Definition of debonair in English:

debonair

adjective

  • (of a man) confident, stylish, and charming.

    ‘all the men looked debonair and handsome in white tie and tails’
    • ‘Before me is not the debonair, gentleman writer I had expected but an unshaven, dishevelled man with wild, curly grey hair and frayed clothing.’
    • ‘When I am 71, can I be as suave, good-looking and debonair as the late Sacha Distel?’
    • ‘Dressed in a beige, linen Ermenegildo Zegna suit, he was every bit the suave, debonair businessman.’
    • ‘Would the ladies of a Unionist persuasion prefer the younger impetuous rascal type as their representative or the more mature, debonair sophisticate?’
    • ‘He was debonair, yet there seemed a sense of fun about him, as though he wasn't bound by the strict rules of his society.’
    • ‘More often than not, Michael Douglas is known for playing suave, debonair men.’
    • ‘One minute you could be all cool and debonair but the moment she enters, your legs turn to jelly.’
    • ‘The debonair stylist was an aficionado of organic produce long before it became fashionable.’
    • ‘Handsome doesn't even begin to describe how dashing and debonair he looks.’
    • ‘He is supposed to be a charming and debonair ladies man.’
    • ‘Less rugged and robust than debonair and sophisticated, he attracted modern, independent women who appreciated his flair.’
    • ‘He would be handsome, intelligent and debonair, but affable and always approachable, and on top of that he would always be wise, loving and kind.’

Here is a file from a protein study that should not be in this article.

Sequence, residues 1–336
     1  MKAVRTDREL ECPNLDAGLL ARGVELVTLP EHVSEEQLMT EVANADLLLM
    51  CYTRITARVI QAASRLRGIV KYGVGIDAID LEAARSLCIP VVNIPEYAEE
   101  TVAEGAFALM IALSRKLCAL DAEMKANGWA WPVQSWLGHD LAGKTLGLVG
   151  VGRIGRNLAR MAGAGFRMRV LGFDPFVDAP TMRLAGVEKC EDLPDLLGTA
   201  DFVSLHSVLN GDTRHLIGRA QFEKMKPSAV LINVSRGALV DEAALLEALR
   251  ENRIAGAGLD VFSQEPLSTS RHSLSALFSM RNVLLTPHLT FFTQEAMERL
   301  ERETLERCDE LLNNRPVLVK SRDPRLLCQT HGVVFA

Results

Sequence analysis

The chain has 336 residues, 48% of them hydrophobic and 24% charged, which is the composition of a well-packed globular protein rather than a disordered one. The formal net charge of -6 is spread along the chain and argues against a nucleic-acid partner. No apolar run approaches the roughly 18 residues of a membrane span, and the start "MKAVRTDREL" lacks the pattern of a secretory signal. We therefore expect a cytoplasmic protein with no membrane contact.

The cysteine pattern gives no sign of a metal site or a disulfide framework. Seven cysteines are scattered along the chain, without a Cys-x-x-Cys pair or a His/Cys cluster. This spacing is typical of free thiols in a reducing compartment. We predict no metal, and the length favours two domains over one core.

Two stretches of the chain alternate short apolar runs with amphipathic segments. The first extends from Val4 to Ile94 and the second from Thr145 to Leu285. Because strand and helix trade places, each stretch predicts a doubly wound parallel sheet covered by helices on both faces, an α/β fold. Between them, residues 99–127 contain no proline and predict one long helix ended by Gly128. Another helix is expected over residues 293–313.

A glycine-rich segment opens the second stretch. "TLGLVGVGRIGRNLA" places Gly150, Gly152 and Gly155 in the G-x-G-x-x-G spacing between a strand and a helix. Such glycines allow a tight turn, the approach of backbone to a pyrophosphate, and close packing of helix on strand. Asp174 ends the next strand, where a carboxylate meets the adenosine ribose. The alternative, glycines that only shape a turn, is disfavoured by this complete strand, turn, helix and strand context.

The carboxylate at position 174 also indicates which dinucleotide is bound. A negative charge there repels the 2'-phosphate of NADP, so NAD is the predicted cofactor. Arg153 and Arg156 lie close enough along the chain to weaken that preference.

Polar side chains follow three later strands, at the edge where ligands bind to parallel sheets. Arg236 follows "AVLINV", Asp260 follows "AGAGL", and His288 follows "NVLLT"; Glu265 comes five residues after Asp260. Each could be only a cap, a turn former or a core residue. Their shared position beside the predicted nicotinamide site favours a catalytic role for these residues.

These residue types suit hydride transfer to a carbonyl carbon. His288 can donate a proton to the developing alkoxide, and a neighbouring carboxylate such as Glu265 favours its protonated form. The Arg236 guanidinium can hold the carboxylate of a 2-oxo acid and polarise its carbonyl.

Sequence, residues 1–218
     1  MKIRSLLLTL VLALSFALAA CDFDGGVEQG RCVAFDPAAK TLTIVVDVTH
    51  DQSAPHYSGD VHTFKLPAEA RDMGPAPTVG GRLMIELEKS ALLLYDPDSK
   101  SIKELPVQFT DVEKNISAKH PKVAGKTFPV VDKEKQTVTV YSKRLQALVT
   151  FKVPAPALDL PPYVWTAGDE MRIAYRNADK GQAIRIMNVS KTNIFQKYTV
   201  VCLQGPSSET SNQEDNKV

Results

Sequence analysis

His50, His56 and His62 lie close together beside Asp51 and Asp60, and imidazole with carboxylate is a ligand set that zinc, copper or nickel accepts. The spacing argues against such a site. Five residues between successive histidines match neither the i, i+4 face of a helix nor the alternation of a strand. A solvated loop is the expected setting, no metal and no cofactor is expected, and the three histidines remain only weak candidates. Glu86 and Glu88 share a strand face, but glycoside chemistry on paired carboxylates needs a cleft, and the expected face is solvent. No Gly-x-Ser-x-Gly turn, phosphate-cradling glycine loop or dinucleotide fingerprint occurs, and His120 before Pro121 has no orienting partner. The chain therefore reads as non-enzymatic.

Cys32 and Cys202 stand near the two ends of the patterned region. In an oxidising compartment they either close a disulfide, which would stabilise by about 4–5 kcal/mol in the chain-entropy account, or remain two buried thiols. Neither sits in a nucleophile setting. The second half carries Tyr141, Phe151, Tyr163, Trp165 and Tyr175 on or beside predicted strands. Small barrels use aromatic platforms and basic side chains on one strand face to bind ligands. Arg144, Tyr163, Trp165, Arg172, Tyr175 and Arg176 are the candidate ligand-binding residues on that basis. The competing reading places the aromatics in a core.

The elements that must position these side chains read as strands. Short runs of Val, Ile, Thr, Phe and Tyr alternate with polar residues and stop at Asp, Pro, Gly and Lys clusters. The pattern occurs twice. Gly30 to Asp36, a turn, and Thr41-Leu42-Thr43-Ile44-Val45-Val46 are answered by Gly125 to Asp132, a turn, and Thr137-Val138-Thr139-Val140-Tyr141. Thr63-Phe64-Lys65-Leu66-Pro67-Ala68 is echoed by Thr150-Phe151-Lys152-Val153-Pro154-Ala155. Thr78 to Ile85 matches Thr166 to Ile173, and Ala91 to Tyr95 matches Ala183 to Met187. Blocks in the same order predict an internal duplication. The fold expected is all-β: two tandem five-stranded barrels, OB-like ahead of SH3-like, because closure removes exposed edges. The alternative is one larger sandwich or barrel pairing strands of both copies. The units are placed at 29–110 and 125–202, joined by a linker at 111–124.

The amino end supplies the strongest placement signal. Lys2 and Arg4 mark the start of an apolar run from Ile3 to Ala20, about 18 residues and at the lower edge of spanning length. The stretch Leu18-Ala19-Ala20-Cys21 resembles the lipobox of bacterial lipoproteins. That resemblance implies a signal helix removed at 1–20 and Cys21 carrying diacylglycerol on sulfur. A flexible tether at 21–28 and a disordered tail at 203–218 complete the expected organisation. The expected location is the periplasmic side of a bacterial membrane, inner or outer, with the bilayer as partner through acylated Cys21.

• ‘Which caused Dominic Hamilton, one of the most suave and debonair boys I'd ever met, go absolutely nuts.’
    • ‘The debonair, sophisticated singer has tackled so many different styles that he transcends easy classification.’
    • ‘He could not have looked more suave or debonair had he walked out of the window of a fashion house in Recoleta, the upmarket district of his hometown Buenos Aires.’
    • ‘The royal equivalent of a Hollywood matinee idol, he was tall, suave, charming and debonair, with the unmistakeable look of his Hanoverian forebears.’
    • ‘Gentle and debonair in manners, he knows how to be a submissive husband and cater to the needs of his sweetheart.’
    • ‘But in the end, the debonair president with a touch for the common citizen came through with a landslide re-election victory.’
    • ‘He's debonair, smooth, handsome and slim like Moore.’
    • ‘He was charming, debonair, and a master of comedic timing.’
    suave, urbane, sophisticated, cultured, self-possessed, self-assured, confident, charming, gracious, well mannered, civil, courteous, gallant, chivalrous, gentlemanly, refined, polished, well bred, genteel, dignified, courtly
    View synonyms

Origin

Middle English (in the sense ‘meek or courteous’): from Old French debonaire, from de bon aire ‘of good disposition’.

Pronunciation

debonair

/ˌdɛbəˈnɛː/